E-mail: How not to get burnedby Aaron Nathans on Apr. 30, 2007, under Edge
It pays to spend a little time thinking about an e-mail before you send it. Paying more attention to what you write can make your messages more effective and guard against workplace catastrophes.
There are numerous ways to make e-mails stronger and more likely to be read faster, said Mike Song, co-author of the book, “The Hamster Revolution: How to Manage Your E-Mail Before it Manages You.” The hamster, he said, refers to people spending a lot of time spinning their wheels.
The average employee spends 40 percent of his day on e-mail, Song said. That’s costing companies $300 billion a year in lost productivity, he said.
“Nobody’s reading them, they’re just scanning them. At best, they’re scanning them quickly,” said Song, whose Cohesive Knowledge Solutions is based in Guilford, Conn. “To get your message recognized, read and acted upon, strengthen the subject, sculpt the body.”
The way to get fewer e-mails is to send fewer e-mails, Song said. Cut down on your use of the “cc” and “reply to all” functions, as well as group distribution lists, he said.
A better e-mail starts with a better subject line, he said. Instead of writing “Meeting,” Song suggests being more specific, like “Sales team meeting from April 3rd.”
If you’re confirming a meeting, write back in the subject line, “Confirmed.” And when you’re sending information the recipient requested, use the word “Delivery” before describing what you’re sending.
Song believes that business e-mails ought to have a structure, which he calls “ABC.”
• A stands for “action summary.” In the first line should be the “summary point,” he said. It should leave no room for guesswork, he said. An example might be: “Action: Please submit business plan by 5 p.m. on April 3rd.” It’s important to list a deadline or time element, he said.
• B stands for “background.” This second part should be a series of bullet points, with information the recipient needs to know, he said. This avoids a “wall of words” that no one will want to read, or an e-mail that, conversely, doesn’t provide enough detail, he said.
• And C stands for “close.” This final portion should speak to the next steps that need to be taken, or perhaps a personal message to lighten the e-mail, he said. Finish it with an auto signature with contact information, he said.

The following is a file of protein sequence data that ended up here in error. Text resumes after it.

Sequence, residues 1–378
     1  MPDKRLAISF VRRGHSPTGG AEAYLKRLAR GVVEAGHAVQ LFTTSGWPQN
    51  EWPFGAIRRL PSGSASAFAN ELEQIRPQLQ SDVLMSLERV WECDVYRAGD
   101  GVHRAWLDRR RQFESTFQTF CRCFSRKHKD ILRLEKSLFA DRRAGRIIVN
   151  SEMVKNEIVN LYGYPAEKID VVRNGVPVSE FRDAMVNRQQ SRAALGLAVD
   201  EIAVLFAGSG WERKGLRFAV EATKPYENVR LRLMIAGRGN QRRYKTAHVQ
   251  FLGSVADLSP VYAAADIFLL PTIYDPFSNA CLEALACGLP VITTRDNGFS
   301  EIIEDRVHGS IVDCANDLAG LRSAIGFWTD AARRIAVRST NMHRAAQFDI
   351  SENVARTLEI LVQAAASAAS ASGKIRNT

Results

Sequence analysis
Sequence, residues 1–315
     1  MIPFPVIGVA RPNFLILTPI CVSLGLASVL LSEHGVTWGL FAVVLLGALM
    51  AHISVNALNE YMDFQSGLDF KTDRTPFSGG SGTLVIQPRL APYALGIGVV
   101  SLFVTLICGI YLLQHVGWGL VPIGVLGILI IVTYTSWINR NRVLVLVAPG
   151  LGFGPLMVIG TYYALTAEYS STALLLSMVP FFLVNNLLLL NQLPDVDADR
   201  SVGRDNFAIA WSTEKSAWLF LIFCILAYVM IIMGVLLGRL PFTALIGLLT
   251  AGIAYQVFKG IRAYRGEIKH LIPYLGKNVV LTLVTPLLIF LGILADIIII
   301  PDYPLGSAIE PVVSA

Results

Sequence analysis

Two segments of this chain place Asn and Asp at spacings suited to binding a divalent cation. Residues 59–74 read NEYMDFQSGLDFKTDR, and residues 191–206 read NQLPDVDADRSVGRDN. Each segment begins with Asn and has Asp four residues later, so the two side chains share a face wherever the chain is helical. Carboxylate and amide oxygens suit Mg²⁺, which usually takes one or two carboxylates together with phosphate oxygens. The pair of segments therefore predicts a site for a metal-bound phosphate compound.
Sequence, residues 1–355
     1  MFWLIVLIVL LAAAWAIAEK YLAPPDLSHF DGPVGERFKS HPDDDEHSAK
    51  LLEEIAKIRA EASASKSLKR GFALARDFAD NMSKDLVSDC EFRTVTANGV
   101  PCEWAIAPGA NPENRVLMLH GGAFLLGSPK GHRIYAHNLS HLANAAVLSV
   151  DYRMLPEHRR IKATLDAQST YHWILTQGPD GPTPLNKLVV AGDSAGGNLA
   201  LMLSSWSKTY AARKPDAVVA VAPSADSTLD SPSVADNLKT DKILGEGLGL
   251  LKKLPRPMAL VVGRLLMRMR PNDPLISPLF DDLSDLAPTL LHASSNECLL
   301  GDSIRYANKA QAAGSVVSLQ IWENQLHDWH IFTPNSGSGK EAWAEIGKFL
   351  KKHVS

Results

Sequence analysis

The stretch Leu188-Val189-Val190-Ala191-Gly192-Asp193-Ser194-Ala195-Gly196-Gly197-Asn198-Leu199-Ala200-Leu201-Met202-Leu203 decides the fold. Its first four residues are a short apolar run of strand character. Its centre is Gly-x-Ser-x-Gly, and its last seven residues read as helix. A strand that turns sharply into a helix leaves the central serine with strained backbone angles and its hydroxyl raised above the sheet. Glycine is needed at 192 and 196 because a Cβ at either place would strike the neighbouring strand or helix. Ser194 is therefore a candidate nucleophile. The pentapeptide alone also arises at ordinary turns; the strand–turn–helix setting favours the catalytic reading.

There are times when using e-mail is inappropriate, Song said. In general, be careful what you put in writing, especially if the subject matter is sensitive.
“E-mail is what people are using against us,” Song said, noting that in trials and political scandals, e-mails are becoming evidence.
It’s good to avoid writing business e-mails that include anger or emotion, he said. People can lose out on a promotion two years later because of an intemperate e-mail, he said.
“An e-mail is forever,” Song said.
Communication is usually better in person or on the telephone, he said: “Two-way conversations are more robust.”
A long pause that might come up in conversation wouldn’t be reflected in an e-mail, where the recipient has more time to formulate a response, he said. “They’re missing out on nonverbal cues. That’s where a lot of leaders are falling short.”
Be prepared for anyone to see a message you send, Song said.
“Picture it on the front page of the (news) paper, and ask yourself this question: How would I feel about that?” Song said. “You have to look at the complexity, the emotional content, the legality of your message. You have to assume it’s going to slip out.”
Make your e-mails sound active
Mike Song, CEO of Cohesive Knowledge Solutions, suggests using one of five action words when appropriate to help recipients sort through their e-mail. They can be used either in the subject line, or in the first line of the e-mail:
• “Action,” for something that you need in a time-sensitive manner.
• “Info,” for when you’re providing information that requires no action on the recipient’s part.
• “Request,” for when you need something but need to show more politeness or deference.
• “Delivery,” when you’re sending information the recipient requested.
• “Confirmed,” when you’re agreeing to a request.
Such a first line would look like this: “Confirmed: I will be at the marketing meeting May 5th, and yes, I’ll bring the doughnuts.”